Dependency or Control? When Anti-Anxiety Pills Become a Problem

You’ve been prescribed anti-anxiety medication because you suffer from severe anxiety attacks, or maybe you suffer from panic attacks and you’ve been diagnosed with an anxiety disorder. You’re taking your pills, and they seem to be working great at first. Your symptoms are all but gone and you feel like yourself again. But as time goes on, you find that you need to take them more and more to feel the same effects or any effects at all. Have you developed an addiction to your medication? Or do you simply need to learn how to control the way you use them?


Differentiating Between Abuse, Addiction, and Dependence

Although abuse, addiction, and dependence are sometimes used interchangeably in casual conversation, they all refer to different stages of substance use. The key difference between them is their scope: abuse and addiction are problems that occur on a broad scale within society as a whole, while dependence describes an individual’s physical response to a substance. Dependence doesn’t just refer to substance abuse—it can apply to food or exercise too—but it is often used when discussing substances. For example, someone who can’t function without an afternoon cup of coffee may be dependent on caffeine; conversely, people who think they need two drinks to start having fun at parties might be abusing alcohol.

Although there are some very specific symptoms that you can look for, it’s hard to tell when someone is suffering from abuse, addiction or dependence. This is because many of these signs overlap and differ depending on what substances are involved. If you think you or someone close to you might be suffering from substance abuse, addiction, or dependence it’s important to speak with your doctor immediately. The doctor will probably perform a physical exam and ask about your family history and recent lifestyle choices before giving you advice about how to address your problem.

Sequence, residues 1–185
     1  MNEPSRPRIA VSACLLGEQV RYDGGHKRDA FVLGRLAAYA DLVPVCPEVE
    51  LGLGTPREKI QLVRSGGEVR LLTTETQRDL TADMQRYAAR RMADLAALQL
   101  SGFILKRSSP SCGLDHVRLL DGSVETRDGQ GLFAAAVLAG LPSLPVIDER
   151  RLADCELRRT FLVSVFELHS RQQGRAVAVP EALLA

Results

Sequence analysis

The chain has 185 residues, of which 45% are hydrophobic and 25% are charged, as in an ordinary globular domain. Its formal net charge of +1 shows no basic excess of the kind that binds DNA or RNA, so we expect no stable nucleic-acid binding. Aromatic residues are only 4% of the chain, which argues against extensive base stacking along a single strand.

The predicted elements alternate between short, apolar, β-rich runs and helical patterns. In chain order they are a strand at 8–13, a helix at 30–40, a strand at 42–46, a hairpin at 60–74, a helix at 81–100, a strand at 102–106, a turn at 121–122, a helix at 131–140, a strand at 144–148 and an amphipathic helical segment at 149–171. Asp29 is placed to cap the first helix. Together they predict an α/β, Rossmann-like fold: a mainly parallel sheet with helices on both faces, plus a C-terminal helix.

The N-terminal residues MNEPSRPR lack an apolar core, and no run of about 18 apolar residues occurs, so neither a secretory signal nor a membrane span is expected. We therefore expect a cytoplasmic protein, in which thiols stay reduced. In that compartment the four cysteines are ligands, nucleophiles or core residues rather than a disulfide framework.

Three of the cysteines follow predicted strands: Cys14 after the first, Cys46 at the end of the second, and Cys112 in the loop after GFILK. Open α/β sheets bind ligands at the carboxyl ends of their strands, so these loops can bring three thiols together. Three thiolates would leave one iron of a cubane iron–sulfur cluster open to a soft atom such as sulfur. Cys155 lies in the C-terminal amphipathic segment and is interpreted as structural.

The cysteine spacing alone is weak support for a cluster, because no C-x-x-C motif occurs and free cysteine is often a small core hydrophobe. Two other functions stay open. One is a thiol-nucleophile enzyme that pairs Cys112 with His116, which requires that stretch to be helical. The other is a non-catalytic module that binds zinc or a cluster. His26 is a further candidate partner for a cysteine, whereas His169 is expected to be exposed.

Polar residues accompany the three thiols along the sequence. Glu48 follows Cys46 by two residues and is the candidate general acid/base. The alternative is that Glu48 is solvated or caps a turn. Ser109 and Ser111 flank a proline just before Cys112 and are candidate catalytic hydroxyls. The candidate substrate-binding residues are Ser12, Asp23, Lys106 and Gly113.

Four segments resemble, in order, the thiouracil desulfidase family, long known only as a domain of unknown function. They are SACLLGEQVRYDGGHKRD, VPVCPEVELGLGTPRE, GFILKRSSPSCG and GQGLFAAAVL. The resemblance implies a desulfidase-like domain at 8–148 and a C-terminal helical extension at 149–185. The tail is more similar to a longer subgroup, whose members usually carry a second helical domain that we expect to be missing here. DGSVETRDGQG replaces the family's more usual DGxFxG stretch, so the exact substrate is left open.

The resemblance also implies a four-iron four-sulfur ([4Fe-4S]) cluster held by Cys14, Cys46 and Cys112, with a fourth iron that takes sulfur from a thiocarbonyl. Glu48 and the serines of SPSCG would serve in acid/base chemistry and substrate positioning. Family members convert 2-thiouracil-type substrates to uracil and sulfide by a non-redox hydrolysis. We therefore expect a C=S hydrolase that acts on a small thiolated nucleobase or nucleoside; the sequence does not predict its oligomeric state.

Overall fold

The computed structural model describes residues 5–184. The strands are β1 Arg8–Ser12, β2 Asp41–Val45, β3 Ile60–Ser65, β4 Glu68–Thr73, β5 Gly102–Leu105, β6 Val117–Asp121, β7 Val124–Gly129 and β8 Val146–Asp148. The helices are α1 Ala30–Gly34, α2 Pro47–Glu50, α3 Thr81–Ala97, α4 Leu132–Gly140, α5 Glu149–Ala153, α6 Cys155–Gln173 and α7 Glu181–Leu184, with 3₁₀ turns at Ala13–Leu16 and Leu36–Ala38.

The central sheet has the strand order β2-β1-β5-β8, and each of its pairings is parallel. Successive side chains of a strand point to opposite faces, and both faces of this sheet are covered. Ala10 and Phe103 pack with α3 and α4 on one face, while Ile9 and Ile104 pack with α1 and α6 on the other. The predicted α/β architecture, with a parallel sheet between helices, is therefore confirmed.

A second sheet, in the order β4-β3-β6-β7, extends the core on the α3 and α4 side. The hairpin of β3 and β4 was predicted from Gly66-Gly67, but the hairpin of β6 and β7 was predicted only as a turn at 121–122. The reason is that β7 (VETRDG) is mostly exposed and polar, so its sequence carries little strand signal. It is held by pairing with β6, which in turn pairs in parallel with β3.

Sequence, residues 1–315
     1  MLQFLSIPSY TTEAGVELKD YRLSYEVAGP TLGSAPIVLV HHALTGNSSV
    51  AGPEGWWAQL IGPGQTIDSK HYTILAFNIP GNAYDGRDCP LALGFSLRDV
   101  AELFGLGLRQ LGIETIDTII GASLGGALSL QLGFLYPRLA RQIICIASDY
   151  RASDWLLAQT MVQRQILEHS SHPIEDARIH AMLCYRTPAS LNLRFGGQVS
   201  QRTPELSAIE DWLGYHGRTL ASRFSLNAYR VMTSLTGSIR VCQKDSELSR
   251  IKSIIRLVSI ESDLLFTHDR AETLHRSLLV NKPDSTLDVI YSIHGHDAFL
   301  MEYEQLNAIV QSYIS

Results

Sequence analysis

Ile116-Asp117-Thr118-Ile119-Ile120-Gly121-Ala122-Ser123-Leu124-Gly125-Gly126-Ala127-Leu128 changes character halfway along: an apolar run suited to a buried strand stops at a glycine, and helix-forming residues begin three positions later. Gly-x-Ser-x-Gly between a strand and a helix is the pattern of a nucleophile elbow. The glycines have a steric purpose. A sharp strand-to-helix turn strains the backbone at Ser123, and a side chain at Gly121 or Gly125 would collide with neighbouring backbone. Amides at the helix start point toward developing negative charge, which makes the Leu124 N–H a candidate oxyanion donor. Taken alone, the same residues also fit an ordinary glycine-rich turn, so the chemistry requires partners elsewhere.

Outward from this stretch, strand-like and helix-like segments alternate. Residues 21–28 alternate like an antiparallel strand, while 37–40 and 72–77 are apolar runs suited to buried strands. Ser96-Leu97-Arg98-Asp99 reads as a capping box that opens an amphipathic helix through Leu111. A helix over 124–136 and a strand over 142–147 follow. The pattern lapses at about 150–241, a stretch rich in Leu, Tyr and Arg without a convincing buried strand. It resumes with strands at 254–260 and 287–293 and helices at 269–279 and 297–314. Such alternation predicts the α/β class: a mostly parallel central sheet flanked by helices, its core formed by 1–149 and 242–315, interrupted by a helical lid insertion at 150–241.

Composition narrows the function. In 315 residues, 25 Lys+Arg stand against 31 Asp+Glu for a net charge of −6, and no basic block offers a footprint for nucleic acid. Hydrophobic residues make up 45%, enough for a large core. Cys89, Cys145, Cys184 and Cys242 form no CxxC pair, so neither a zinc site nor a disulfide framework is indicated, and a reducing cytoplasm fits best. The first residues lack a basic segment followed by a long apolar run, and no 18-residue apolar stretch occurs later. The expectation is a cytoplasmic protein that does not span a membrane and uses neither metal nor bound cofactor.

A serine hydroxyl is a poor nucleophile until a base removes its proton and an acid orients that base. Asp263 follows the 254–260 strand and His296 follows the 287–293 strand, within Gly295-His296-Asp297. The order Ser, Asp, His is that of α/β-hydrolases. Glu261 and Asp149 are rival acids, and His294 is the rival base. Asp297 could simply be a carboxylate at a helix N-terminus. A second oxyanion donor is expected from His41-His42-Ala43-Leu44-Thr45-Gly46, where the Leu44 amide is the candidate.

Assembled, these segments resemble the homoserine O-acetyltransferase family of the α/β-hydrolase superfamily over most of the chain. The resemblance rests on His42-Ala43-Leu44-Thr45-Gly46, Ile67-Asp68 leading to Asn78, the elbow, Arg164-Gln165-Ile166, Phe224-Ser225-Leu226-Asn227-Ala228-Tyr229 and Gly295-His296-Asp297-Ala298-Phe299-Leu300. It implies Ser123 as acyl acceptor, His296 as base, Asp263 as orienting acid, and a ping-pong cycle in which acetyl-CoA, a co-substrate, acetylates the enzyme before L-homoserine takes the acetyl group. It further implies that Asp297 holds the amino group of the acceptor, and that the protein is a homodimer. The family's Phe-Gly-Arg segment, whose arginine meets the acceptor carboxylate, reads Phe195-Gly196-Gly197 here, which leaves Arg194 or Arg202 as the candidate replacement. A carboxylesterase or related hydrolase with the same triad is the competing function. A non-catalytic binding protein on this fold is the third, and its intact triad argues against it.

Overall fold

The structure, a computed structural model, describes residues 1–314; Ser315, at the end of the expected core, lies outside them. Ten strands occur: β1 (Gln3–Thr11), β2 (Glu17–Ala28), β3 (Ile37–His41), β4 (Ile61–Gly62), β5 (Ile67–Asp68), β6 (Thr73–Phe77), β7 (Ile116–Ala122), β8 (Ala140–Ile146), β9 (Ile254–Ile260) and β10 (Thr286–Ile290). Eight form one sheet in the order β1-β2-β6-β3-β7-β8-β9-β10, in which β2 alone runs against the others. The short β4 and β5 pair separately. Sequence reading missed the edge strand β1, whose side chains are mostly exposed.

There is no black and white answer as to when you should stop taking anti-anxiety pills—it all depends on how they help you and what benefits they offer. However, if they cause extreme side effects or interfere with everyday life, then reducing your dose may be enough to live with them safely. Speak with your doctor first, though; he will advise whether it’s safe for you to take anti-anxiety medications at all and let you know if reducing doses is an option.

Understanding Physical Dependence

Physically dependent on benzodiazepines means your body has adapted to having it in your system so that when you don’t have enough, you experience withdrawal symptoms. While not everyone who uses Xanax will become physically dependent on it, there is a risk. Take benzos only as directed by your doctor; if you find yourself taking them more often or in higher doses than prescribed, be sure to talk with your doctor about ways to lessen your dependence.